The typesetter's role in modern publishing: what is typesetting?
What do typesetters do, and what part do they play in the modern publishing process?
Typesetting in its simplest form involves laying out text and illustrations to a specified design and producing a finished document ready for printing.
The old image of someone bending over little wooden blocks assembling letters ready for the printing press is thankfully a thing of the past, and the industry is now dominated by computers and purpose built software - the role of the typesetter has moved on. Typesetting is now essentially a computer based occupation, although there are still specialist skills that are important in good quality publications.
It is a typesetter's job to choose the correct fonts, styles, justification, paragraph, line, word and letter spacing; to make sure illustrations meet specified criteria for printing; ensure good presentation and readability; and also to proofread and check for consistency of style. Skills needed include typing, use of word processing software, artwork and page layout software, proofreading and a good eye for detail. The most commonly used industry standards are Microsoft Word for text file preparation, Adobe InDesign for layout and typesetting, along with Adobe Photoshop for picture processing.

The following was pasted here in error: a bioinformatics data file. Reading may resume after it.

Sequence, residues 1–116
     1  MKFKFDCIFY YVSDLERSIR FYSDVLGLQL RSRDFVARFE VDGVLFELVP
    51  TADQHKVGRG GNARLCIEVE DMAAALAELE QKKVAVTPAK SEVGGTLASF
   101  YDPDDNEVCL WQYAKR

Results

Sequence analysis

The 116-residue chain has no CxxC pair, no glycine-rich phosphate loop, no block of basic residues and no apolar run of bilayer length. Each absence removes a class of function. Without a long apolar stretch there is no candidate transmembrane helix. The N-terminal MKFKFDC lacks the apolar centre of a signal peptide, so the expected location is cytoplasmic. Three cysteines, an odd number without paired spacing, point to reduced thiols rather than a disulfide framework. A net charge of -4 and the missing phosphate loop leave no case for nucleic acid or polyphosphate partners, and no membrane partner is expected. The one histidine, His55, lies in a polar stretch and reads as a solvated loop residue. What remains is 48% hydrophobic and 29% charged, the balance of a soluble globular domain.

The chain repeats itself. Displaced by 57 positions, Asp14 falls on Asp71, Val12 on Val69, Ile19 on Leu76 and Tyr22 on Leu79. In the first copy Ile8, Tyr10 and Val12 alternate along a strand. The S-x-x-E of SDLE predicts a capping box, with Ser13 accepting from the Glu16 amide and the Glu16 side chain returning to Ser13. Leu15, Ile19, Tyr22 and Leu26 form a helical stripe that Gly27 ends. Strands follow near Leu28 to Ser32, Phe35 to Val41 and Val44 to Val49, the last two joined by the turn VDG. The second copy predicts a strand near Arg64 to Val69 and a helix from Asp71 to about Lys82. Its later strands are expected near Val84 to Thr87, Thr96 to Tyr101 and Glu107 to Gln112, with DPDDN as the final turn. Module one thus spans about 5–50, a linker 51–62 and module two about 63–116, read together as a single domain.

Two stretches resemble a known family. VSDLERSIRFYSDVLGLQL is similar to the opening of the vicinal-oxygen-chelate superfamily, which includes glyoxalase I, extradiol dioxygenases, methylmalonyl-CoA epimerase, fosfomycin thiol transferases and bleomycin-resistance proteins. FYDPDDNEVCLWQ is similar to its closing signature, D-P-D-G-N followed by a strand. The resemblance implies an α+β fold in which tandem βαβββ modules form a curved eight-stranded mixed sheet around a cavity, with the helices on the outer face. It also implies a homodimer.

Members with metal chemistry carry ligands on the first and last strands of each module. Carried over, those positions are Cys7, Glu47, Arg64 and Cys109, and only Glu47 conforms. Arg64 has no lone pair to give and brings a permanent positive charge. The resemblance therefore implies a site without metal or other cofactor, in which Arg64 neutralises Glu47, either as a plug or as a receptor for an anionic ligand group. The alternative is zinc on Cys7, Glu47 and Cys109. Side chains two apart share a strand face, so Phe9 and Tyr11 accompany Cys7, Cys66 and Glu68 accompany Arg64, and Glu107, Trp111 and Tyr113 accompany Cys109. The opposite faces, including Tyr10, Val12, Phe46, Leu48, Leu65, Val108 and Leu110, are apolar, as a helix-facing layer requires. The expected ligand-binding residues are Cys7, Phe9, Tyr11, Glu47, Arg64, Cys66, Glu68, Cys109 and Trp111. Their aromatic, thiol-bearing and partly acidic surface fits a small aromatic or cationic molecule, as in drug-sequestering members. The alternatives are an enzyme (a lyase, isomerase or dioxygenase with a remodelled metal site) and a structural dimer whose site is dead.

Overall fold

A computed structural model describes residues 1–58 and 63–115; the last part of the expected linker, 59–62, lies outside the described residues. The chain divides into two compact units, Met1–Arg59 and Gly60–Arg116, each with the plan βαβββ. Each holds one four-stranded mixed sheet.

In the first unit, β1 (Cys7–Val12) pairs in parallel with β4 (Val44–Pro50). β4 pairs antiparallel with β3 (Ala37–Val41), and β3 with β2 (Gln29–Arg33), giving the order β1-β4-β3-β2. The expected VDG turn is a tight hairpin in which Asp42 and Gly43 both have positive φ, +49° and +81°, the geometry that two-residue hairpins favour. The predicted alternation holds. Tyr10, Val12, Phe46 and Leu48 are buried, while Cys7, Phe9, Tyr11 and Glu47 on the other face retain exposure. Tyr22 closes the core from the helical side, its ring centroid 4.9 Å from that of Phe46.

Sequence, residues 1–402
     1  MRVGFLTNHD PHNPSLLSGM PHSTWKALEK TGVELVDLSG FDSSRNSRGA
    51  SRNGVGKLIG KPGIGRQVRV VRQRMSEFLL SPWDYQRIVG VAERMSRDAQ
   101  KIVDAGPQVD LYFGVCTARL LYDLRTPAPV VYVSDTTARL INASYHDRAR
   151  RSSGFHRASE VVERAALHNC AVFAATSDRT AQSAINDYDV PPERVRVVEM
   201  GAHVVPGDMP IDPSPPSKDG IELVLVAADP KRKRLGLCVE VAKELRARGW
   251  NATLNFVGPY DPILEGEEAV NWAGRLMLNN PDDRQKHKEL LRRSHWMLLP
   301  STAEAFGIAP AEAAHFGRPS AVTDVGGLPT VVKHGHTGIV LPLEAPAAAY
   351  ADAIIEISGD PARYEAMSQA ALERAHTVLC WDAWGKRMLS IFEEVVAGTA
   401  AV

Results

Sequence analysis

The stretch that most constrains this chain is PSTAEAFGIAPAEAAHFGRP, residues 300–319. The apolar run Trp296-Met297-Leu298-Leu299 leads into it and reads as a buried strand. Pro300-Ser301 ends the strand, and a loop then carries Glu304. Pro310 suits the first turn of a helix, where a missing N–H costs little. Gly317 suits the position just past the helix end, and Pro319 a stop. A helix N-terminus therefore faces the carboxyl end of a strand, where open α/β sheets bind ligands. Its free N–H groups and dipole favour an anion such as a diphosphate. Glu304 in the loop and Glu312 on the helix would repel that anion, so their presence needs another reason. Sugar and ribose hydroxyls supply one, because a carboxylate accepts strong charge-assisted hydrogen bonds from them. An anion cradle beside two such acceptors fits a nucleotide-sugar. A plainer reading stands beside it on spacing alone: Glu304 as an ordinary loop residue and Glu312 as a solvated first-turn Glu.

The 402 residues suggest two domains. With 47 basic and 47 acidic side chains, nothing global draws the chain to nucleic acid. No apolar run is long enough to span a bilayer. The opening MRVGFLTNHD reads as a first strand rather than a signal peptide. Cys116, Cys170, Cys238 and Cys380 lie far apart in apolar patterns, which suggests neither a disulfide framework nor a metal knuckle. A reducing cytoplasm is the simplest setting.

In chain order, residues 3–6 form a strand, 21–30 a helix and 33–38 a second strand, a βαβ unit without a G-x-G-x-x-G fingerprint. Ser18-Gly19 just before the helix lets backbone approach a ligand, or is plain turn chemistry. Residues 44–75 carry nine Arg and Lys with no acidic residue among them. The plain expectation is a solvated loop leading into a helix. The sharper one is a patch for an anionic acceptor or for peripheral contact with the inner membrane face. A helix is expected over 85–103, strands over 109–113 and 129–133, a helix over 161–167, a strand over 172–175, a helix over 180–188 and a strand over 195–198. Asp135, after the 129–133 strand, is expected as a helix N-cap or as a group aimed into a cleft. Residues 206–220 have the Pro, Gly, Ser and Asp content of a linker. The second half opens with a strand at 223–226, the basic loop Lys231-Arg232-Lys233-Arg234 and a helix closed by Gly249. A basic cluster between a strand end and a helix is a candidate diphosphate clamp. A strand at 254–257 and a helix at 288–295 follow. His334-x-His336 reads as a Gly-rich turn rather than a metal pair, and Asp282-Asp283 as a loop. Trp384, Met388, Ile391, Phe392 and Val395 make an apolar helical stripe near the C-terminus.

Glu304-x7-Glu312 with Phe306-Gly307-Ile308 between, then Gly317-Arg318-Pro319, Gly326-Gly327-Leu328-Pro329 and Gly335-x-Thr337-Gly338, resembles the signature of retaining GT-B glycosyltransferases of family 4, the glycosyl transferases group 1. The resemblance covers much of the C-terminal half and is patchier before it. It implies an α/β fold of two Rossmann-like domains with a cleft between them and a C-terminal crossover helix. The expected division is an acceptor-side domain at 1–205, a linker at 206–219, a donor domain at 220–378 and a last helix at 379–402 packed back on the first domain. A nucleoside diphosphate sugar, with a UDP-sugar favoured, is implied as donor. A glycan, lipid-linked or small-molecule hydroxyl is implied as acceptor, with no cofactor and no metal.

Many publishing companies will do their own typesetting in-house, and it may be done as an integral part of the editorial and production processes, while some others may outsource to specialist typesetting service providers.
Typesetting services often include products for web publication, and typesetters are often required to produce coded web files or tagged pdf files, as well as print ready files.
Professional typesetting makes all the difference to the appearance and readablity of a book or publication, and even though computers make the work much simpler these days, it still has a valued role in the publishing process.